Regional Government


Facial recognition scanners are already at some US airports. Here's what to know

USATODAY - Tech Top Stories

Many airports hope to start using biometric scanners in lieu of passports to identify travelers. Buzz60's Tony Spitz has the details. The next time you go to the airport you might notice something different as part of the security process: A machine scanning your face to verify your identity. U.S. Customs and Border Protection (CBP) has been working with airlines to implement biometric face scanners in domestic airports to better streamline security. But how does the process work?


Yemeni Houthis claim drone attacks on Saudi oil facilities

The Japan Times

DUBAI, UNITED ARAB EMIRATES – Yemen's Houthi movement launched drone attacks on oil facilities in a remote area of Saudi Arabia, the group's Al Masirah TV said Saturday, but there was no immediate confirmation from Saudi authorities or state oil giant Aramco. A Saudi-led coalition is battling the Iran-aligned Houthis to try to restore Yemen's government, which was ousted from power in the capital, Sanaa, by the group in late 2014. The war has been in military stalemate for years. The Houthis have stepped up cross-border missile and drone attacks on Saudi Arabia in recent months. "Ten drones targeted Aramco's Shaybah oilfield and refinery in the first Operation: Balance of Deterrence in the east of the kingdom," the Al Masirah channel reported, citing a Houthi military spokesman.


Self-Driving Vehicles a Reality Today With Optimus Ride's Autonomous System

#artificialintelligence

Optimus Ride has already deployed its autonomous transportation systems in the Seaport area of Boston, in a mixed-use development in South Weymouth, Massachusetts, and in the Brooklyn Navy Yard, a 300-acre industrial park. Some of the biggest companies in the world are spending billions in the race to develop self-driving vehicles that can go anywhere. Meanwhile, Optimus Ride, a startup out of MIT, is already helping people get around by taking a different approach. The company's autonomous vehicles only drive in areas it comprehensively maps, or geofences. Self-driving vehicles can safely move through these areas at about 25 miles per hour with today's technology.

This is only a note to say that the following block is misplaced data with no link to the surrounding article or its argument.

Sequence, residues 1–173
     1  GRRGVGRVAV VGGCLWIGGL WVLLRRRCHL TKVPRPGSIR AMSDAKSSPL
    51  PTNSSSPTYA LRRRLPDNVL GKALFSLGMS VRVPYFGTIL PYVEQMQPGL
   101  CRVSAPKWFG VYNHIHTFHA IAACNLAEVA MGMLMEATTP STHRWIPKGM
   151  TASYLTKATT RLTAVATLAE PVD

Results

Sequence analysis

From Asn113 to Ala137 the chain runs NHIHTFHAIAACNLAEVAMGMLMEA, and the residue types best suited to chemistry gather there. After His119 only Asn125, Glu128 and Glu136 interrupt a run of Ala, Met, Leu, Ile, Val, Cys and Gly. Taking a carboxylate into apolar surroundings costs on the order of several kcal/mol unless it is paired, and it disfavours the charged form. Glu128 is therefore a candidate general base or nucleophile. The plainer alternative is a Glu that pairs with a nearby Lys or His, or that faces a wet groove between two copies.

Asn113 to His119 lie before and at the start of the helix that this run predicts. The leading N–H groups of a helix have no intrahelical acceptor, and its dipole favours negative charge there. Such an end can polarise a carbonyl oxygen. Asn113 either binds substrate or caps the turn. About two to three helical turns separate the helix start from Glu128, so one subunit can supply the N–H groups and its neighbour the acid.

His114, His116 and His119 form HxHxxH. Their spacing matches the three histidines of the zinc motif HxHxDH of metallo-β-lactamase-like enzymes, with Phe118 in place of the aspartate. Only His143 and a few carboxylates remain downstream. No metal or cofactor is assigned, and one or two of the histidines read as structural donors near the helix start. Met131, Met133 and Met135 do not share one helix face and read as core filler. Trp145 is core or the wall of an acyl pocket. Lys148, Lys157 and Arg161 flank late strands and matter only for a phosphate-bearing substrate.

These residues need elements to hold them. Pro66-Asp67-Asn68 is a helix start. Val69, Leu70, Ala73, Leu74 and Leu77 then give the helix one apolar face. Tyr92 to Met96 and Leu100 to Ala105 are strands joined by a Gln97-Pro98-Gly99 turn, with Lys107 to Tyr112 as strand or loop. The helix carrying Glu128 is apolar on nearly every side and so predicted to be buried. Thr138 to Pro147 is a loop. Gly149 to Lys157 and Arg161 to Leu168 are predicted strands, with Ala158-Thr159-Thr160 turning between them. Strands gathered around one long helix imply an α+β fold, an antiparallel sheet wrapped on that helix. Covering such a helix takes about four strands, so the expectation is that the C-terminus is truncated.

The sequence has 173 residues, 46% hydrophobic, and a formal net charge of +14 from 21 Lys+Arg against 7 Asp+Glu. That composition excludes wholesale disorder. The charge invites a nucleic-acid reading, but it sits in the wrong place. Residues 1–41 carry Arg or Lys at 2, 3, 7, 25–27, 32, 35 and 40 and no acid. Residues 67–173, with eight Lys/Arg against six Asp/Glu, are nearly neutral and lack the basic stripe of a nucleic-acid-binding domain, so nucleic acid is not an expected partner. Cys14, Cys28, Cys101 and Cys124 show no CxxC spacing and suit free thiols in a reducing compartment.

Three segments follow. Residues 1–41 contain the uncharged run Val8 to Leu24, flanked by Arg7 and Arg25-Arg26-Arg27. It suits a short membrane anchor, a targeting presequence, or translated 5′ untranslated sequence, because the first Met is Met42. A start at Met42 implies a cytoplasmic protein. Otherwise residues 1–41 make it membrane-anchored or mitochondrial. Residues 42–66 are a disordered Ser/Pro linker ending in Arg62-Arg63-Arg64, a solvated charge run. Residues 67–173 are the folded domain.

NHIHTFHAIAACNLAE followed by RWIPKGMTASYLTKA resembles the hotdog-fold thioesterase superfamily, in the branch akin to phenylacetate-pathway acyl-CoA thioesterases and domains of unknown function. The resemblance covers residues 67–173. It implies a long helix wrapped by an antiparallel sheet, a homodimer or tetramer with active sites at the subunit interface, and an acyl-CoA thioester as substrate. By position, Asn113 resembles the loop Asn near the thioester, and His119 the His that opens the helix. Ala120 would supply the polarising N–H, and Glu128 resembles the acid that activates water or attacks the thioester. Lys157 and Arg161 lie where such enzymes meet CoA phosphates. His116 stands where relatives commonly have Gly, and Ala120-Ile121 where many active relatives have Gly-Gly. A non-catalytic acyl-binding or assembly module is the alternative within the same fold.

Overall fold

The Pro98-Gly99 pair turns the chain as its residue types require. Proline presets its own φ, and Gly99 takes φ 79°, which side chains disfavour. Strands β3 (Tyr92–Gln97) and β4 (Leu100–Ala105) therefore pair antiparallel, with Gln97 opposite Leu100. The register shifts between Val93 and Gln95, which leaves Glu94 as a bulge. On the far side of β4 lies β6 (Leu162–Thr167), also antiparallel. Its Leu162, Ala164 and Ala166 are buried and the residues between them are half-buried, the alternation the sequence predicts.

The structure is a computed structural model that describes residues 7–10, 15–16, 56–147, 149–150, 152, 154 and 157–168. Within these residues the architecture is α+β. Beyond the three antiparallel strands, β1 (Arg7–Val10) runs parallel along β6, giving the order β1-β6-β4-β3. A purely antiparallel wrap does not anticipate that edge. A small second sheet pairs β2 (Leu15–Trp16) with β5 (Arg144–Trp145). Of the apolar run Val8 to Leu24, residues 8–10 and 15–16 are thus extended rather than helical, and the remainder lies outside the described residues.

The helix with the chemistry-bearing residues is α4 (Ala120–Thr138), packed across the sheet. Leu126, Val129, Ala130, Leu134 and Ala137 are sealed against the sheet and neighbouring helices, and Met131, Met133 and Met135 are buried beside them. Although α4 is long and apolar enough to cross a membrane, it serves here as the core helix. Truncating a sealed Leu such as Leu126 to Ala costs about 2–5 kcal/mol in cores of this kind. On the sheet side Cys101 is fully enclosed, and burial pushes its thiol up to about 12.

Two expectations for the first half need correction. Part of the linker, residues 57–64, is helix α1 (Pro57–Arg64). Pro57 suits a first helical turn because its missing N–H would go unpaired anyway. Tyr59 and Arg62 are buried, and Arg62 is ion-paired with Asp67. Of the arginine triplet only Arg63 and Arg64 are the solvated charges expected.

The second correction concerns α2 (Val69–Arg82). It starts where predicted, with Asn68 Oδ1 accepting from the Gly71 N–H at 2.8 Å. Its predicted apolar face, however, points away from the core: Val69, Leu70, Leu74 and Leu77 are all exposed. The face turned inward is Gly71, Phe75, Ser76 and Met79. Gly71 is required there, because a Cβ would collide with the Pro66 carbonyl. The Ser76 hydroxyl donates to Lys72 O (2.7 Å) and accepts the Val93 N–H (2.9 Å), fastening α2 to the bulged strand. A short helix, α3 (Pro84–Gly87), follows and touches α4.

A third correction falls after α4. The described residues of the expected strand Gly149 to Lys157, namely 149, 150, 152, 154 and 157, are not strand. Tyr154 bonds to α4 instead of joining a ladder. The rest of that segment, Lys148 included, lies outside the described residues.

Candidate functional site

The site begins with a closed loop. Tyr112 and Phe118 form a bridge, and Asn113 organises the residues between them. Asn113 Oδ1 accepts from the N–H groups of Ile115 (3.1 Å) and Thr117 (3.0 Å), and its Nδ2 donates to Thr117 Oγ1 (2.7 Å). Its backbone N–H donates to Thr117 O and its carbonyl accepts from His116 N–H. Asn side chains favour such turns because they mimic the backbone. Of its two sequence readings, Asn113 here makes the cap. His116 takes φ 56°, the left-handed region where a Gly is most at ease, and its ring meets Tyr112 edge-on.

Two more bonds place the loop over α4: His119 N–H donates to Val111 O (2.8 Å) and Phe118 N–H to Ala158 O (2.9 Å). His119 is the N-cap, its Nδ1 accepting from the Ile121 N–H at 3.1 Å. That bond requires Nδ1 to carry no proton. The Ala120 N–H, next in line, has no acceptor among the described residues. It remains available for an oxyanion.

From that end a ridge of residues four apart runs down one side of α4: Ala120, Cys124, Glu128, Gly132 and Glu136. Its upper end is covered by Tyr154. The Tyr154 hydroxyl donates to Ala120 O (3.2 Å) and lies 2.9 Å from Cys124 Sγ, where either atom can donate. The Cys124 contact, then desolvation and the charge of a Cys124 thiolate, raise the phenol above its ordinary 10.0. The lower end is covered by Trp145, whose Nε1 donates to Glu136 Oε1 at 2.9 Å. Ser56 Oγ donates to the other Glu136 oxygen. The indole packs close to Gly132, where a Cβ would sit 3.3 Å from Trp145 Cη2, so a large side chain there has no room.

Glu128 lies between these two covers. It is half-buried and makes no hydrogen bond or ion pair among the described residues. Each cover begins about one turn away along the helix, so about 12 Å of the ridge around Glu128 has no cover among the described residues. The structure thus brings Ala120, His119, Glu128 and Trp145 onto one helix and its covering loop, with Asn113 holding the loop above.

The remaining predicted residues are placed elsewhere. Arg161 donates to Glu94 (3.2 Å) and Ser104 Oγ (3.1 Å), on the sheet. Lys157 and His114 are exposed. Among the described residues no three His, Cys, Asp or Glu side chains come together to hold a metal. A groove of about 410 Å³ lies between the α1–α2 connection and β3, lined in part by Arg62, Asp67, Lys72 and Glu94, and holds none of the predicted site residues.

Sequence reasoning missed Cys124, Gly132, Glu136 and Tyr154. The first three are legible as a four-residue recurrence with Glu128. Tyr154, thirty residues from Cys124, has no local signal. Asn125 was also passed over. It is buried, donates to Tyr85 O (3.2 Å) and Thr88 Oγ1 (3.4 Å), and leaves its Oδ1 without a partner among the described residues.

Hundreds of Google employees urge company to resist support for Ice

The Guardian

Tech giant Google is facing a demand from hundreds of employees for an assurance that it will not bid on a government cloud computing contract that could be used to enforce US immigration policies on the southern border. A group of employees called Googlers for Human Rights posted a public petition overnight Thursday urging the company to resist tendering for a US Customs and Border Protection or Immigration and Customs Enforcement contract. It is not clear if Google or its parent Alphabet has already applied – the application deadline was 1 August – but the tech giant has previously drawn employee protests after signing cloud-computing or data storage deals with the government. The company confirmed in March 2018 that it was involved with Project Maven, a $250m Department of Defense artificial intelligence initiative designed to provide 3D mapping that could be used for improved drone-strike battlefield accuracy. Over 3,000 Google employees signed a petition in protest against the company's involvement.